foto1It stars Dressler, making her film debut at age 46 as Tillie Banks, and is loosely based on Tillie’s Nightmare, the actress’ hugely successful stage play. Playing primary roles, too, are Charlie Chaplin, whom Sennett had seen during a U.S. tour of Fred Karno’s English music hall troupe and then signed for Keystone, and Keystone regular Normand. The movie also features Mack Swain, Chester Conklin, Charles Bennett, Minta Durfee (a.k.a. Mrs. Roscoe Arbuckle), and the legendary Keystone Cops, including Nick Cogley, Billy Gilbert, William Hauber, Grover Ligon, Hank Mann and Al St. John.

The story involves Chaplin’s nameless character trying to scam awkward, clumsy Tillie into marrying him because her father, played by Mack Swain, has money. Tillie and Chaplin run off together after stealing the father’s loot and run into Normand, Chaplin’s accomplice. Chaplin takes Tillie out for her first drink, which she spits in his face, and while Tillie gets drunk and dances, Chaplin and Normand abscond with her money.

Tillie ends up in jail when she can’t pay the restaurant bill and we find out she has a millionaire uncle who lives in lavishly-decorated mansion attended to by ridiculously-attired servants. The police – a few Keystone Cops, of course – deliver her to the mansion but the uncle throws her out. She wanders the streets and eventually finds a job as a waitress while her uncle leaves to hike the mountains.

Meanwhile, in a fun few minutes, Chaplin and Normand go to the movies — a Keystone movie, according to the poster outside and the screen credits inside. The film tells the tale of a thief who gets caught, which unnerves Normand, who annoys everyone around her by narrating the story to Chaplin.

The hiking uncle falls off the mountain, is left for dead and we discover Tillie is his sole heir. Chaplin finds out, ditches Normand on a park bench and races to the restaurant to beg for the heiress’ hand in marriage. They wed, take over the mansion and throw a huge bash.  By then, Normand has learned the score and talks her way into a job at the party. When Tillie finds Chaplin and Normand kissing in an alcove, all hell breaks loose.

Marie Dressler - Tillie's Punctured Romance (1914) CopsIt’s only then, in the final 10 to 15 minutes of the film, when Tillie’s Punctured Romance becomes a typical slapstick, Keystone comedy replete with food throwing, gun shooting, mass prat falls and a police chase that ends with Tillie and the cop car in the ocean, Chaplin rejected and Tillie and Normand in an inexplicable embrace.

Before that there’s plenty of butt kicking, bumping and wiggling, but the gags are surprisingly few, giving some air for a real narrative. I found only a few moments laugh-out-loud funny – when Dressler spits her drink in Chaplin’s face, when Normand gets increasingly rattled watching the Keystone movie, when Chaplin tussles with one of many tiger rugs at the mansion. Dressler wears ghoulish eye makeup and her humor is basic — she has a flirty face and worried face, the difference indicated only by the direction of her mouth. To be honest, she reminded me of Roscoe Arbuckle, which is not entirely an insult. The running gag that sustains much of the movie’s humor is her size: she’s taller and broader than Chaplin and when Tillie is drunk or unruly, four or five waiters or cops or mansion servants are needed to subdue her. But audiences obviously loved her. She had a thriving stage career and made two Tillie film sequels.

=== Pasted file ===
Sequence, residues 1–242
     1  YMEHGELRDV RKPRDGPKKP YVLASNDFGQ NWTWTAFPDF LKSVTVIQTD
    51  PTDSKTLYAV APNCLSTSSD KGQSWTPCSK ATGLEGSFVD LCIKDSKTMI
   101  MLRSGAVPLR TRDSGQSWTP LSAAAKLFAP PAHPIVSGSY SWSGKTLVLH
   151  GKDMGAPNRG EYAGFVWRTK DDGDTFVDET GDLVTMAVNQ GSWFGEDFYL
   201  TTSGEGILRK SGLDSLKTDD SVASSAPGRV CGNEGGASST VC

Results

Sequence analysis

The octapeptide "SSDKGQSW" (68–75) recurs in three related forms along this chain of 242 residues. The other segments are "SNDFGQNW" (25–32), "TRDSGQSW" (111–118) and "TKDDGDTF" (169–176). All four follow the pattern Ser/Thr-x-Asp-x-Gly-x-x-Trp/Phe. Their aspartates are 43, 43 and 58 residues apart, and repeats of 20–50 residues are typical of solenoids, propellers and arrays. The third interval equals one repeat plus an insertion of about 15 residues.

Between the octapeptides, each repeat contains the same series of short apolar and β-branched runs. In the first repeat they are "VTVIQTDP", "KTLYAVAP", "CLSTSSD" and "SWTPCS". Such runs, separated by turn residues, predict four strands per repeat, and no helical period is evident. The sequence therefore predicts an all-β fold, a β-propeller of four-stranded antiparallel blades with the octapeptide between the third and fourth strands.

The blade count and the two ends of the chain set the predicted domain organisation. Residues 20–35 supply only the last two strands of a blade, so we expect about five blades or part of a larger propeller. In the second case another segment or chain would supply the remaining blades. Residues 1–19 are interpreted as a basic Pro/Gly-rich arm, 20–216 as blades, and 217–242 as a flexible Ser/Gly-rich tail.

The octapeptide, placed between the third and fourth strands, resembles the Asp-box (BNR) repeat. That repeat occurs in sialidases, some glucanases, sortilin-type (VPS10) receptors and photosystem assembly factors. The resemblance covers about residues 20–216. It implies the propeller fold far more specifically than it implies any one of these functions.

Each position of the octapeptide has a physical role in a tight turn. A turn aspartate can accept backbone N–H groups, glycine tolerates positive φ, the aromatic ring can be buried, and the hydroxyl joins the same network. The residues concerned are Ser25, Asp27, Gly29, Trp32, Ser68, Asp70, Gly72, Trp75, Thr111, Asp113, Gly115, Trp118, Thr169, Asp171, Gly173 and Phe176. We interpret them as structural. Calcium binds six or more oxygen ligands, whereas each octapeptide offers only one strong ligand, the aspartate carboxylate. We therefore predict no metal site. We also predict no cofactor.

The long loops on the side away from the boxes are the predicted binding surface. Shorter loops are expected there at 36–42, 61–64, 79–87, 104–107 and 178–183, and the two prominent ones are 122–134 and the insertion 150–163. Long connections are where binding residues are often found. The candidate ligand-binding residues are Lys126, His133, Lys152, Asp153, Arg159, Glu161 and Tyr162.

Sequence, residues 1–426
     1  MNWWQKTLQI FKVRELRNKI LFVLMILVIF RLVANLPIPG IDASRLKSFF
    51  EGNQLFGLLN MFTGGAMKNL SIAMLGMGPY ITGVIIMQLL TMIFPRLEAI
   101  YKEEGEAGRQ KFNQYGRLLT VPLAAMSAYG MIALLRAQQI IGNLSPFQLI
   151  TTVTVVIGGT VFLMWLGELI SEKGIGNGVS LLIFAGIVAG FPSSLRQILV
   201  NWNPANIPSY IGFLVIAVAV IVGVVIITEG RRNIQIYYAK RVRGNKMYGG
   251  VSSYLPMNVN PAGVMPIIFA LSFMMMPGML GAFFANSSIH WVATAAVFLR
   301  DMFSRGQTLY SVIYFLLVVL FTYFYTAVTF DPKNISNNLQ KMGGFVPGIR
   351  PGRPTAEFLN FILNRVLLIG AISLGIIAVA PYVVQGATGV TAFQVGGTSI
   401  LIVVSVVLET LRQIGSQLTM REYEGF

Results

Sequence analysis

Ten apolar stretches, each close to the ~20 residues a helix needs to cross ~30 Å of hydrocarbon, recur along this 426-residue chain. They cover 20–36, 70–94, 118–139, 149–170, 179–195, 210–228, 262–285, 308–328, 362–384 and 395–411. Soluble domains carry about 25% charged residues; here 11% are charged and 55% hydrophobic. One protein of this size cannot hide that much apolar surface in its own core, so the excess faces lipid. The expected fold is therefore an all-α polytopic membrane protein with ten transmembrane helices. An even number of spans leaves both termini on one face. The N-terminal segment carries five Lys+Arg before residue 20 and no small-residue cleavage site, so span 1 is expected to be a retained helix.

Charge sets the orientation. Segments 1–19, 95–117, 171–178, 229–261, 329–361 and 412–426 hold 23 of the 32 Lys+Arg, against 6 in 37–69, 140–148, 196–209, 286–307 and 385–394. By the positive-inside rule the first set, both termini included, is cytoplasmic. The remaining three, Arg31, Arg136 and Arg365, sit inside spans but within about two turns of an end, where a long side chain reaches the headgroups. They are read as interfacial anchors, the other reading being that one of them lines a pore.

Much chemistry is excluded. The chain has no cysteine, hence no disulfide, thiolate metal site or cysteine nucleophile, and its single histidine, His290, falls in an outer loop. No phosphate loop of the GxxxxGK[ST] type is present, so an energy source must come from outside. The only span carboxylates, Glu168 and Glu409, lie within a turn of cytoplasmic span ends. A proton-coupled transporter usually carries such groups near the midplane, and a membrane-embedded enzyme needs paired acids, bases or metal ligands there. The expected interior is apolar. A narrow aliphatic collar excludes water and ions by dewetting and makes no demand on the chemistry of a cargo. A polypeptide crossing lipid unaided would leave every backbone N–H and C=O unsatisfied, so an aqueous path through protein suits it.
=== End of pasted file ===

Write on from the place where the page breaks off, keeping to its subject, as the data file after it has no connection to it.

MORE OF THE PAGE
Chaplin looks sort of tramp-like. He wears baggy pants, a cane, and walks with extreme turnout, but his character is nothing like the tender-hearted tramp. He has such sublime physicality, though, that I find him the most naturally funny. He and Normand’s expressive face. Like Buster Keaton said, a comedian does funny things, a good comedian does things funny.

In the end, Tillie’s Punctured Romance became a headache for Sennett. Theaters were reluctant initially to book the film due to its length and Dressler later sued Keystone over her share in the profits. The movie did make money, though, encouraging Sennett to make more feature length films. But Keystone’s shorts remained the company’s bread and butter.

headerTillie’s Punctured Romance wasn’t the peak of Sennett’s career, which continued well into the 1930s. He made many more movies, 1,000 overall by some estimates. He worked for other companies, including Paramount, Pathé and Educational, where in 1935, towards the end of his career, he finally worked with Keaton. He discovered, mentored or worked with a roster of legends including Griffith, Normand, Chaplin, Keaton, Roscoe “Fatty” Arbuckle, Frank Capra, Carole Lombard, Bing Crosby and W.C. Fields. And he had his highs and lows: in 1933, he filed for bankruptcy and in 1938 he received an honorary Oscar. Eventually he became a U.S. citizen.

But Tillie’s Punctured Romance was a first in film comedy history and a highlight in the career of Canadian Mack Sennett, one of Hollywood’s most influential artists.

This post is part of the O Canada Blogathon hosted by Ruth of Silver Screenings and Kristina of Speakeasy.